December 14, 2009

Oracle lifts the cloud hanging over MySQL storage engine vendors

Oracle has put out a press release promising to play nicely with MySQL if its Sun takeover is approved. The parts in italics below are quotes. My comments are in plain text.

1. Continued Availability of Storage Engine APIs. Oracle shall maintain and periodically enhance MySQL’s Pluggable Storage Engine Architecture to allow users the flexibility to choose from a portfolio of native and third party supplied storage engines.

MySQL’s Pluggable Storage Engine Architecture shall mean MySQL’s current practice of using, publicly-available, documented application programming interfaces to allow storage engine vendors to “plug” into the MySQL database server. Documentation shall be consistent with the documentation currently provided by Sun.

Well, duh.

2. Non-assertion. As copyright holder, Oracle will change Sun’s current policy and shall not assert or threaten to assert against anyone that a third party vendor’s implementations of storage engines must be released under the GPL because they have implemented the application programming interfaces available as part of MySQL’s Pluggable Storage Engine Architecture.

A commercial license will not be required by Oracle from third party storage engine vendors in order to implement the application programming interfaces available as part of MySQL’s Pluggable Storage Engine Architecture.

Oracle shall reproduce this commitment in contractual commitments to storage vendors who at present have a commercial license with Sun.

This is the biggie, lifting a major cloud from the MySQL storage engine business. It sounds like the third of four options I suggested as to how Oracle could legitimately earn antitrust approval of its MySQL takeover. Sure, Infobright, Kickfire, et al. already had what they saw as adequate safeguards or contingency plans vs. Oracle skullduggery. It’s still big even so.

(Quoted out of order.) The geographic scope of these commitments shall be worldwide and these commitments shall continue until the fifth anniversary of the closing of the transaction.

Not a disaster, but with respect to at least point #2 there should be no time limit whatsoever. I’d like to see the EC require that change as a further Oracle concession.

3. License commitment. Upon termination of their current MySQL OEM Agreement, Oracle shall offer storage vendors who at present have a commercial license with Sun an extension of their Agreement on the same terms and conditions for a term not exceeding December 10, 2014.

Oracle shall reproduce this commitment in contractual commitments to storage vendors who at present have a commercial license with Sun.

Actually, I don’t think this was ever enough of a problem to be a big deal.

4. Commitment to enhance MySQL in the future under the GPL. Oracle shall continue to enhance MySQL and make subsequent versions of MySQL, including Version 6, available under the GPL. Oracle will not release any new, enhanced version of MySQL Enterprise Edition without contemporaneously releasing a new, also enhanced version of MySQL Community Edition licensed under the GPL. Oracle shall continue to make the source code of all versions of MySQL Community Edition publicly available at no charge.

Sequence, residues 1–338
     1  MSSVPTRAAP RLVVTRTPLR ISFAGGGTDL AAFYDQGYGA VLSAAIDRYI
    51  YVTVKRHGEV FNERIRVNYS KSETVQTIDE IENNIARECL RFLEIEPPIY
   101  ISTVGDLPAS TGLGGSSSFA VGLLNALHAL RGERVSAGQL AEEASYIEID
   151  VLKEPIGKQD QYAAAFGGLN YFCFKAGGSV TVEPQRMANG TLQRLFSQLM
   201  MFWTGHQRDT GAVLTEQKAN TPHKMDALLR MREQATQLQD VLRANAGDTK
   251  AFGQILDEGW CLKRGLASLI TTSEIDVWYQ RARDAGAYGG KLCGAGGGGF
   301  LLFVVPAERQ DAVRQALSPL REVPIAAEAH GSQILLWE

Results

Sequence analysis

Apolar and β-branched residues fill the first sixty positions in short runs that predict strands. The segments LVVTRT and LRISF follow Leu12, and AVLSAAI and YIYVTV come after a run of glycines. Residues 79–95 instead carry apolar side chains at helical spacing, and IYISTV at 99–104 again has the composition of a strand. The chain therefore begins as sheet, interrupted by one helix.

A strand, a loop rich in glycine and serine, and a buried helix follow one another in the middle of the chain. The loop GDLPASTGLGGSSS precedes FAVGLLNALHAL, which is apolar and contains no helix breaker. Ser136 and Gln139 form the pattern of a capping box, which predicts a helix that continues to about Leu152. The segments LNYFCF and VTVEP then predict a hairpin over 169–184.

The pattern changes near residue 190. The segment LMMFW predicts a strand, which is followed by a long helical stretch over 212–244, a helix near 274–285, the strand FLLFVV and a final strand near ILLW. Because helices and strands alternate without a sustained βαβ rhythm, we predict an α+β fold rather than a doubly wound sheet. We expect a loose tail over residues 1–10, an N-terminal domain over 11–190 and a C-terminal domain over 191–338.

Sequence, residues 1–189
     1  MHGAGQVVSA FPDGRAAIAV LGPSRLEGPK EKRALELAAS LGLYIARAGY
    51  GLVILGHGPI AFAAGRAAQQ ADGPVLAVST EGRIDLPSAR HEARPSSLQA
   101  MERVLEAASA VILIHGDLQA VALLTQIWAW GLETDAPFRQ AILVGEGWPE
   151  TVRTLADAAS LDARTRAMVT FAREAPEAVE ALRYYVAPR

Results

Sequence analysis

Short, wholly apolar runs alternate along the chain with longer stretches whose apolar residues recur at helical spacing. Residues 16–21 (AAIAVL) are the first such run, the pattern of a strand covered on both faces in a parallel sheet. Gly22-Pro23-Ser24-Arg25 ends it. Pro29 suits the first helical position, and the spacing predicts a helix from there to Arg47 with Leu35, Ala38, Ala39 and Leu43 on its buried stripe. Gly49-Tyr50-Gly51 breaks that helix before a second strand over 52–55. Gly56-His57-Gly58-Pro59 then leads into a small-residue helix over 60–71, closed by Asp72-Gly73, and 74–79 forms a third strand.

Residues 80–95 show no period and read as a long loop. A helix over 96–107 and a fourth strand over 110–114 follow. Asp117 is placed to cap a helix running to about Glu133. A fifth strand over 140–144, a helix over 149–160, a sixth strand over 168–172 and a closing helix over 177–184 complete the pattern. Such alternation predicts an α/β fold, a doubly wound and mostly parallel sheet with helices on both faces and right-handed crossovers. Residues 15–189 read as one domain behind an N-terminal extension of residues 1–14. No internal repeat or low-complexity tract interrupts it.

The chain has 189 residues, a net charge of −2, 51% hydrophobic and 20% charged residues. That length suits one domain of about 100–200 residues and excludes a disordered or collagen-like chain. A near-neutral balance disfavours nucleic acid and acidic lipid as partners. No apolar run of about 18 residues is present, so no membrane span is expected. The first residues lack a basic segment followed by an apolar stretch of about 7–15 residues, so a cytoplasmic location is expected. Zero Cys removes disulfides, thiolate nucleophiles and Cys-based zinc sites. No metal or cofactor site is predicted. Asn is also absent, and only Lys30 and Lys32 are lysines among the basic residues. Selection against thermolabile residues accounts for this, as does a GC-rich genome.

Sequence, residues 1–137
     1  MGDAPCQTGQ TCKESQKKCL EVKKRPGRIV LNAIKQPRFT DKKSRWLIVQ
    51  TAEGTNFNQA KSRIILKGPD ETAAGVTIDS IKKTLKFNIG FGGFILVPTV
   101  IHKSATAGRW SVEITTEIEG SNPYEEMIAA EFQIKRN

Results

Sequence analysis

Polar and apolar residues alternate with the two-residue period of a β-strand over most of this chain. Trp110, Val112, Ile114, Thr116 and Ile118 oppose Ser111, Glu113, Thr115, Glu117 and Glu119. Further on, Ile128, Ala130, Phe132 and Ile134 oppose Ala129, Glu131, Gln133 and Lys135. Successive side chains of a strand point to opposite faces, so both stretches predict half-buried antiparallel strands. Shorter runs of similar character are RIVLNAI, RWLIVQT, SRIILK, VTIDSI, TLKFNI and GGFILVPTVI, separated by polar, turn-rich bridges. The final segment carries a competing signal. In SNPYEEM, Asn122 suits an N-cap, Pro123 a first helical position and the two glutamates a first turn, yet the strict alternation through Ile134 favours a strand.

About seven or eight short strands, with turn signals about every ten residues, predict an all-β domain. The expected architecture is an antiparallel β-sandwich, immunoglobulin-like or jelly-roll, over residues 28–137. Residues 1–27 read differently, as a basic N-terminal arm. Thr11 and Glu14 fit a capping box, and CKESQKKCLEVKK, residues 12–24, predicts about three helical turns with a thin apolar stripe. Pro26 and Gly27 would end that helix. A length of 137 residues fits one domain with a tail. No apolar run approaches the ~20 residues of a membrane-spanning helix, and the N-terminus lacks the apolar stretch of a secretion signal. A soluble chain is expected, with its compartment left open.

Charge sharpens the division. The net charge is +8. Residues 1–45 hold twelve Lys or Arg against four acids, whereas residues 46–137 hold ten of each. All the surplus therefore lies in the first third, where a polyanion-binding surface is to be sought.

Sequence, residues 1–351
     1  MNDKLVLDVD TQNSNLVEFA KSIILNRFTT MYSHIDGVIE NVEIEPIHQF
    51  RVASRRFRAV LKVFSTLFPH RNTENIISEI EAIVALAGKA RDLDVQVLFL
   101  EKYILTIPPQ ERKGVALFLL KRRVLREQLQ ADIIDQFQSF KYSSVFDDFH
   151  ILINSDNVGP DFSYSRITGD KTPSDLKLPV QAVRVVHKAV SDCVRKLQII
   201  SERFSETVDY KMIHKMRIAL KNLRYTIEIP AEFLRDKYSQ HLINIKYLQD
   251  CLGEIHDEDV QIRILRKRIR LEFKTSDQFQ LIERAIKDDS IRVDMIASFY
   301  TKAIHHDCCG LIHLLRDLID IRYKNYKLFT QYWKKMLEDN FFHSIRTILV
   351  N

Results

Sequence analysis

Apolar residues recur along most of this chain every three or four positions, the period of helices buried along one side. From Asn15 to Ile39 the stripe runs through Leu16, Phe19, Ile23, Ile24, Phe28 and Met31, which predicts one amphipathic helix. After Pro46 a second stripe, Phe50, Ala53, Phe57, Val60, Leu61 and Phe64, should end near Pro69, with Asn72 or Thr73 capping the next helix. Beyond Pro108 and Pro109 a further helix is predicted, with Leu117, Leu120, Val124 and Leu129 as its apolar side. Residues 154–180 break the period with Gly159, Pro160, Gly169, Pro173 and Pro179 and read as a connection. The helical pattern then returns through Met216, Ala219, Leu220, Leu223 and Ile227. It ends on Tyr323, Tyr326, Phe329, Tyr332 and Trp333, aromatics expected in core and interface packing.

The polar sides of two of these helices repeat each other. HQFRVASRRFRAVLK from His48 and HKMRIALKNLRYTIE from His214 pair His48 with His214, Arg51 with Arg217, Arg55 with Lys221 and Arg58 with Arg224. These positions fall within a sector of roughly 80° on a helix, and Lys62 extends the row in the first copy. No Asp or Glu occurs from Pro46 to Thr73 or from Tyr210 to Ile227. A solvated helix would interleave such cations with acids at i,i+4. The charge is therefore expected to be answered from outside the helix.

This one is too weasel-worded to matter much.

5. Support not mandatory. Customers will not be required to purchase support services from Oracle as a condition to obtaining a commercial license to MySQL.

Not clear how significant this is given that there are no price assurances about the license cost.

6. Increase spending on MySQL research and development. Oracle commits to make available appropriate funding for the MySQL continued development (GPL version and commercial version). During each of the next three years, Oracle will spend more on research and development (R&D) for the MySQL Global Business Unit than Sun spent in its most recent fiscal year (USD 24 million) preceding the closing of the transaction.

Oracle won’t shut down the MySQL business for at least 3 years. Duh. If there was any chance of Oracle doing so in the first place, it wouldn’t have let MySQL delay the whole merger for this long.

7. MySQL Customer Advisory Board. No later than six months after the anniversary of the closing, Oracle will create and fund a customer advisory board, including in particular end users and embedded customers, to provide guidance and feedback on MySQL development priorities and other issues of importance to MySQL customers.

8. MySQL Storage Engine Vendor Advisory Board. No later than six months after the anniversary of the closing, Oracle will create and fund a storage engine vendor advisory board, to provide guidance and feedback on MySQL development priorities and other issues of importance to MySQL storage engine vendors.

Two small gestures – but I bet the Oracle people tasked to interact with those boards will truly want to do the right thing for MySQL users. Engineers are like that – they want to make things that actually work well.

9. MySQL Reference Manual. Oracle will continue to maintain, update and make available for download at no charge a MySQL Reference Manual similar in quality to that currently made available by Sun.

10. Preserve Customer Choice for Support. Oracle will ensure that end-user and embedded customers paying for MySQL support subscriptions will be able to renew their subscriptions on an annual or multi-year basis, according to the customer’s preference.